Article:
Topeka’s Mobile App

Topeka has it’s first mobile library app – brought to you via the fine folks at Boopsie!

In the pic on the left, you can see the icon as it displays on my iPhone. It’s the one that’s titled “Topek….brary.” Apparently, “Topeka Library” doesn’t fit underneath the icon on an iPhone. “Topeka & Shawnee County Public Library” certainly wouldn’t fit! Oh well – not completely unheard of – I’ve seen a couple other app icon titles that do that, too.

So go ahead, download it, and play with it. There’s an iPhone, Android, and Blackberry app. Or, pretty much any phone with browser capabilities can go to and you’ll either be directed to download the appropriate app or you’ll be dumped into the web version of the app.

Either way, pretty cool stuff for us!

Here’s what we’re doing with it. Check out the screenshot at the right (larger version here) – it’s the main page of the app. When creating the main functionality of the mobile app, our thinking went like this: when would someone use our mobile phone app, and what would they want to do with it?

We decided they’d be in line at the grocery store, or picking up their child from school. Or they’d be wherever, but have maybe a couple of minutes to quickly check on something. In those scenarios, how might they want to interact with the library?

Here’s what we came up with:

  • Library Catalog: search for something, put it on hold
  • My Account: see what’s due and renew it, etc
  • Ask a Librarian: ask a question – links provided for phone, text messaging, and email questions
  • Locations & Hours: links to addresses and maps for our main building, our bookmobile stops, and our book drop locations
  • Connect with us: links to our Facebook, Twitter, Youtube, and Flickr accounts
  • What’s missing? We wanted to know what our patrons wanted this app to do that wasn’t there yet, so we provided an easy way for them to tell us – it’s a simple form that sends an email to me.

What do our customers want to do that we’re not yet providing?

  • paying fines from their phones
  • checking out our calendar of events
  • checking out movies from our Mediabank DVD dispenser (it’s a separate catalog)

Otherwise, everyone that we’ve heard from has liked the app – we’re getting comments like “so cool! I already think we have the best library and then u show us just another reason to love @topekalibrary.”

Not bad at all!

CIL2009: Handhelds & Mobile

Ben Smith, Sheryl Bai, someone else…, Aaron Schmidt

First up – Handhelds at UCHC School of Medicine

PDA Program:

  • PDAs supported by the library since 2001
  • Library purchased PDAs for staff
  • Did an in-service class for staff
  • did some student and faculty training, too


Current PDA Initiative:

meet with faculty, then test handhelds, create instructions.

Train students so they can be a resource to ther students. Cool.

They hold PDA clinics, help them install apps, etc.


  • which handheld platform?
  • Windows Mobile 2003 or Mobile 5?
  • Smartphones?
  • They’re limited because they’ve developed stuff on Windows Mobile platform, so they have to use those…


  • two devices in one
  • cheaper
  • you have a phone contract too – have to make sure students understand this
  • screen resolution can be worse on a smartphone (aside – I love my iPhone)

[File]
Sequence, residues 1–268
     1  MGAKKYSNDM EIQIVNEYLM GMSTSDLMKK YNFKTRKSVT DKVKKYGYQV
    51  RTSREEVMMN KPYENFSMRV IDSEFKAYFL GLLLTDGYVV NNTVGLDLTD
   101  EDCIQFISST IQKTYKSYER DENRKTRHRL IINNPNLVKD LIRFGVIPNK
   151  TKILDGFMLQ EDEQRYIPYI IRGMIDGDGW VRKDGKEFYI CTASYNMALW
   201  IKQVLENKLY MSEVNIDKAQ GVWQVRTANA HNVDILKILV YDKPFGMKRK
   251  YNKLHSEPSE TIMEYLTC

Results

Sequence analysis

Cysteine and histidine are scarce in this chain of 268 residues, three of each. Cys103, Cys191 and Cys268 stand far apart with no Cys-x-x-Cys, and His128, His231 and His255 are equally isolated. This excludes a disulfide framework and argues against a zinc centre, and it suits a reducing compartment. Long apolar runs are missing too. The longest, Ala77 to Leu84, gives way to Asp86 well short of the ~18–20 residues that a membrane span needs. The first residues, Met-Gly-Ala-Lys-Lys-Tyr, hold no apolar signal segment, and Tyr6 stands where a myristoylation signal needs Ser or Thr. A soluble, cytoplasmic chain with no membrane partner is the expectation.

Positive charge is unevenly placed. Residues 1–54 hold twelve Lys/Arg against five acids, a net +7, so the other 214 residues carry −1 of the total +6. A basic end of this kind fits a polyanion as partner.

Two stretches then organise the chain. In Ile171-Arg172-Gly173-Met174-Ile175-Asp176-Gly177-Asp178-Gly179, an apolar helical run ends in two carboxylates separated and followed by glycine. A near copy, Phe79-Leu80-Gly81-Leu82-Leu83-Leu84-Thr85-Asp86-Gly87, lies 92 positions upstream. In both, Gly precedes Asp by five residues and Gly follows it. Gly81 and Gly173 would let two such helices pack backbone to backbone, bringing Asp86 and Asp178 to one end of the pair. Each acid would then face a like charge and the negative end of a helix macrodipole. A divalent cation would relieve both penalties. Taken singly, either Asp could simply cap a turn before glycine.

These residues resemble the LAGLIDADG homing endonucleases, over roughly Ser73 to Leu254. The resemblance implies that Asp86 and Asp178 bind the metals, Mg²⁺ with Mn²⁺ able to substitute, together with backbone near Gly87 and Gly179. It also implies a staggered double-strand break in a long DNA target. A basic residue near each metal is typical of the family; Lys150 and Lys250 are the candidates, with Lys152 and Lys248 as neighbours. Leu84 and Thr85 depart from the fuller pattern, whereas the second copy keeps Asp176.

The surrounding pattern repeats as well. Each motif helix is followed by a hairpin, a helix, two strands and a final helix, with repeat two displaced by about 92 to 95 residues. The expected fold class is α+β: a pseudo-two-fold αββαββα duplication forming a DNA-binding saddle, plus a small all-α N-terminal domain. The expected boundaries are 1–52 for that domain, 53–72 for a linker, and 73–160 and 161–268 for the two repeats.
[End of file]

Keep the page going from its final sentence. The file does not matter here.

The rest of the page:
• not all have touch screen functionality

Handy software utilities:

  • dotPocket
  • DeepFreeze
  • ActiveSync
  • Microsoft Remote Display Control (displays the PDA on a computer screen, hence a live demo during a presentation)
  • My Mobiler
  • Windows Mobile Device Center

Chris Tonjes, Aaron Schmidt

Chris (CIO, DC Public Library)

their iphone app:

three layers – transaction layer, data layer, presentation layer (I think)


  • continue horizontal integration of our ILS
  • presents an alternative delivery of online catalog – like most, not happy with their ILS. So this gave them a great excuse to start experimenting
  • first foray into mobile world
  • leverages the power of the iTunes app store – the delivery method of the future
  • model for other projects
  • provides tangible near term ROI and extended library use and awareness
  • leverage! Code and analysis used for …
  • They have a blackberry version too
  • more online catalogs! playing with VuFInd
  • Integration/direct download target for content from our electronic resource providers 9Gale and Overdrive)
  • iPhone 3.0! Ecommerce – fine and other payments from within app!
  • model for near future projects (kindle or other readers)

Showing their release roadmap – they are planning for the future

DCPL iPhone App – fast facts:

  • 2199 downloads so far
  • 85 in the last week placed holds with it
  • works with SirsiDynix enterprise portal search discovery tool
  • plug in web service
  • took about 100 total hours of programming time
  • we can forecast LOE to modify for use with ibistro and elibrary
  • code available for download

DCPL SMS Text Msg – Bill

Reach out to the younger people is a goal

they send notices, announcements

patrons opt-in on website registration page

increase library event participation via same day notifications – great reminder of events.

messages and notices tailored to SMS limitations/requirements (ie., message size & delivery)

Normal txt stuff: small messages, if you have more than one to send, you have to do each as separate messages

Cost to the library = 0

They schedule the txt msgs in the middle of the day – important point. You don’t want them sent at 2am! And you WANT them sent when people can see them, for reminders…


in charge of how this should look and feel.

started making paper prototypes

Even did user testing with paper mock-ups to see if the idea worked

It IS possible to design a BAD iphone app… they wanted to avoid that

There’s a PSD element library for iphones so you can quickly create a photoshop mockup

Giving examples of how it works


QR codes,barcode reading.

HUGE potential for these mobile devices.